According to the documentary, small garlic producers can’t survive if this large Chinese importer, Harmoni, is allowed to undercut prices.
“Currently, the wholesale price of garlic in China is $1 a kilo, and this has enabled Harmoni Spice, the only garlic importer that pays no duty, to undercut U.S. producers for the past 10 years,” said Stanley Crawford, a New Mexican farmer who asked the Department of Commerce to review Harmoni’s exemption from tariffs, in an article published by the Albuquerque Journal. “Anti-dumping duties, which can run as high as $4.71 a kilo, would serve to level the playing field for U.S. producers, bringing the price of imported garlic in line with U.S. wholesale prices.”
The commerce department reviews companies suggested by an organization called the Fresh Garlic Producers Association, of which Christopher Ranch is one of four members.
That organization annually withdraws its request for the regulatory agency to review Harmoni, according to the film, allowing Harmoni to exploit a loophole and avoid tariffs.
In June, the U.S. Department of Commerce threw out Crawford’s request to investigate Harmoni, saying that Crawford had taken money from a competing Chinese garlic company and destroyed his credibility as a source. The film documents a battle between Crawford and his attorney and another boutique New Mexican garlic producer who first signed on with Crawford and then took money from Harmoni. Those battles prevented the Commerce Department from taking action.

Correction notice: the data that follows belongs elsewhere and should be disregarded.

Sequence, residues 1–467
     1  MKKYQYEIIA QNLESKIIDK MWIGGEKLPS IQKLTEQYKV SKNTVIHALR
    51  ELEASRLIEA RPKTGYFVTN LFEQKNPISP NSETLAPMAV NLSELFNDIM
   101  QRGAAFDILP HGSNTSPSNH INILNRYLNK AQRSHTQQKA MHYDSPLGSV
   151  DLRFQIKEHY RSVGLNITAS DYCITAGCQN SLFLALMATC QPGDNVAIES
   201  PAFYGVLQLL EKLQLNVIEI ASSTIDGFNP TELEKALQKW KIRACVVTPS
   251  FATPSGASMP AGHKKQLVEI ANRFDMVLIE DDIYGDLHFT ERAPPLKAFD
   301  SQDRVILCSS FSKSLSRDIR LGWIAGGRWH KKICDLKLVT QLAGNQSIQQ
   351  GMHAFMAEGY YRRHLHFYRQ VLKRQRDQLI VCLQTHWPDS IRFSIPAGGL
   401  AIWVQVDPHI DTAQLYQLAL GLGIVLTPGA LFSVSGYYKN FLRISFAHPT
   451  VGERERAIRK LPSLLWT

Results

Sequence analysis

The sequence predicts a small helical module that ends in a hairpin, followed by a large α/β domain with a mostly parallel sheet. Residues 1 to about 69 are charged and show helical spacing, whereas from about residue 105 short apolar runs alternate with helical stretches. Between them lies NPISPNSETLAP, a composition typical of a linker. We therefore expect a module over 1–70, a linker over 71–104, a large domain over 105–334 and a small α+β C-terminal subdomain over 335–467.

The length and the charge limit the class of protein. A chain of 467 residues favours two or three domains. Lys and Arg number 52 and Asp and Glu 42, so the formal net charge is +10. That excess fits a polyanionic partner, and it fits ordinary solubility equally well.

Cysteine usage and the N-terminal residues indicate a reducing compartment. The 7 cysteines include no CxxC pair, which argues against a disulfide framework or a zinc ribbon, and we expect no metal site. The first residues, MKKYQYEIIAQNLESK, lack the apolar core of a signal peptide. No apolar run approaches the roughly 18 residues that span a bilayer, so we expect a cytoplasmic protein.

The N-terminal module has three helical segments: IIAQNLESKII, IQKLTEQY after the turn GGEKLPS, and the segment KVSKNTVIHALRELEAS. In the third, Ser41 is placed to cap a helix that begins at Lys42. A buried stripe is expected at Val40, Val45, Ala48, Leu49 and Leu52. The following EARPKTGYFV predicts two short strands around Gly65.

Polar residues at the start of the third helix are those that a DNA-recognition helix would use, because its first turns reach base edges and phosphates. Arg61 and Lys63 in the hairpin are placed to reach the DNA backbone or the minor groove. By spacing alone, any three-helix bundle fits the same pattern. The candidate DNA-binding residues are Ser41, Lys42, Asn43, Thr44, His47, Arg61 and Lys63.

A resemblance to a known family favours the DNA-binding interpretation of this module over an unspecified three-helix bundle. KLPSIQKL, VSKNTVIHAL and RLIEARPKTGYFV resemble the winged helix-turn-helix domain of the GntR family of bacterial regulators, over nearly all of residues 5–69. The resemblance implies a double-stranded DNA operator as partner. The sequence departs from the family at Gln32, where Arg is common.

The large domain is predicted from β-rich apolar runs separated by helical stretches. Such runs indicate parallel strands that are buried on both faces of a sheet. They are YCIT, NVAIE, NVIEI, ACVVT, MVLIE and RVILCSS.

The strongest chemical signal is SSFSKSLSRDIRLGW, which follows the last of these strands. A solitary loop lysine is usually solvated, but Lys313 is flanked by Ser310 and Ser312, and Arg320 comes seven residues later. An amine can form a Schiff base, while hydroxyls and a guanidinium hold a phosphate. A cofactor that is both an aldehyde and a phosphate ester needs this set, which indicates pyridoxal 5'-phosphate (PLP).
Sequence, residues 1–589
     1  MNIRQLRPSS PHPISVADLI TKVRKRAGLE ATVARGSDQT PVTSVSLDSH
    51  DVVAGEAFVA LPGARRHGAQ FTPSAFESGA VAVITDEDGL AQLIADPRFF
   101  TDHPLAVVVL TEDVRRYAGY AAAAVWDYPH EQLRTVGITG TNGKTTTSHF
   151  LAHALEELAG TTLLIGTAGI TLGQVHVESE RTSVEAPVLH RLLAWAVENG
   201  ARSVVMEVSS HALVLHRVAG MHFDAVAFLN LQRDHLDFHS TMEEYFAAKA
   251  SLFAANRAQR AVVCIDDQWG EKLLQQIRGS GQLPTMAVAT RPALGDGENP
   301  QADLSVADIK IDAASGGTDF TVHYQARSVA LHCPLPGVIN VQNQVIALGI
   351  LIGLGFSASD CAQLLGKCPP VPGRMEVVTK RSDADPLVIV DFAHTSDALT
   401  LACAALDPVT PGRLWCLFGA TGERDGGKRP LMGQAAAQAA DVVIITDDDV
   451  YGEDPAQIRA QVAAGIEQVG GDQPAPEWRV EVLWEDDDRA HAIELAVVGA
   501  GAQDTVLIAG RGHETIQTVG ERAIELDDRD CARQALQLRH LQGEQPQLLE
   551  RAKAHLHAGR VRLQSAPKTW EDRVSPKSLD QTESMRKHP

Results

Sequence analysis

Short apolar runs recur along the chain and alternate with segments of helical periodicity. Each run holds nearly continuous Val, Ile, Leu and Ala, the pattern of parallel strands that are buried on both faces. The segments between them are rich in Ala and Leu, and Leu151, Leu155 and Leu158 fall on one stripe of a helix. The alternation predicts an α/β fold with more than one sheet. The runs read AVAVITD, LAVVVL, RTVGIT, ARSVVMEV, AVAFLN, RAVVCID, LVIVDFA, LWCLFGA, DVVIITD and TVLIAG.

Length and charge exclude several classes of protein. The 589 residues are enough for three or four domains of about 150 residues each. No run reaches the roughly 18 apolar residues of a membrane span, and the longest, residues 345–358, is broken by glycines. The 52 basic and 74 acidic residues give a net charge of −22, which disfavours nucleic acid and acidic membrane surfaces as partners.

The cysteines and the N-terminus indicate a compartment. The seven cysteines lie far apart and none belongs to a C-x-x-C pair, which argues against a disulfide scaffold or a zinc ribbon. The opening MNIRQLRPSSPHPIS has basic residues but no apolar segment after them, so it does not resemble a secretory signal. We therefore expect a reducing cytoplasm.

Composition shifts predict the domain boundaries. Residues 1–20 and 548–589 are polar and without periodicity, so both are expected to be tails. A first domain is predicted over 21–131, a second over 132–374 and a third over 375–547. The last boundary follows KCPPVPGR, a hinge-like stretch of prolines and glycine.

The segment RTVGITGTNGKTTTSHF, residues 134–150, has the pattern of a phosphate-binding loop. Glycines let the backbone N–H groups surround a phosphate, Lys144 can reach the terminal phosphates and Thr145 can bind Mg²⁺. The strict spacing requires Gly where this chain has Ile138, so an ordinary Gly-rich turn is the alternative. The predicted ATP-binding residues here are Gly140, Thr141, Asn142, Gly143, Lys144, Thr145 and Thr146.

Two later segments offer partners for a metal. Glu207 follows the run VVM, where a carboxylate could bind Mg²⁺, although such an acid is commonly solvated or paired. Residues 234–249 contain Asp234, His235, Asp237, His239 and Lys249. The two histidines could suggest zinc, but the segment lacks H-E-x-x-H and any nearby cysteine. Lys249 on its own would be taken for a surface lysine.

U.S. Customs investigated the allegations of prisoners being used for the imported Harmoni garlic and found it to be untrue, Christopher said.
The “Rotten” series is produced by Zero Point Zero, the company behind Anthony Bourdain’s television shows.
“Our food supply system is broken, corrupt, dirty, inhumane, and riddled with fraud. If you are not aware of this, you need to be,” wrote Paste Magazine in a review of the series, calling it “mandatory” viewing for people who buy food.
Christopher said the company is considering a lawsuit and is also thinking about no longer importing any garlic from China. The reason it does so now, he said, is because some customers who can’t afford California garlic prefer the cheaper Chinese product.
Those imports are never sold under the Christopher name, he said, and when the company does use garlic from other countries to bridge the gap between harvests, it clearly labels its origin.
Christopher Ranch, with more than 600 full time workers and another 400 seasonal ones, is Gilroy’s biggest employer. The company pays its agricultural workers above minimum wage, and company patriarch Don Christopher is noted for his philanthropy, which includes donating land and an endowment to fund the establishment of Christopher High School.
Ken Christopher said the company would never knowingly use prison labor for its products.
“Absolutely not,” he said. “Not in a million years.”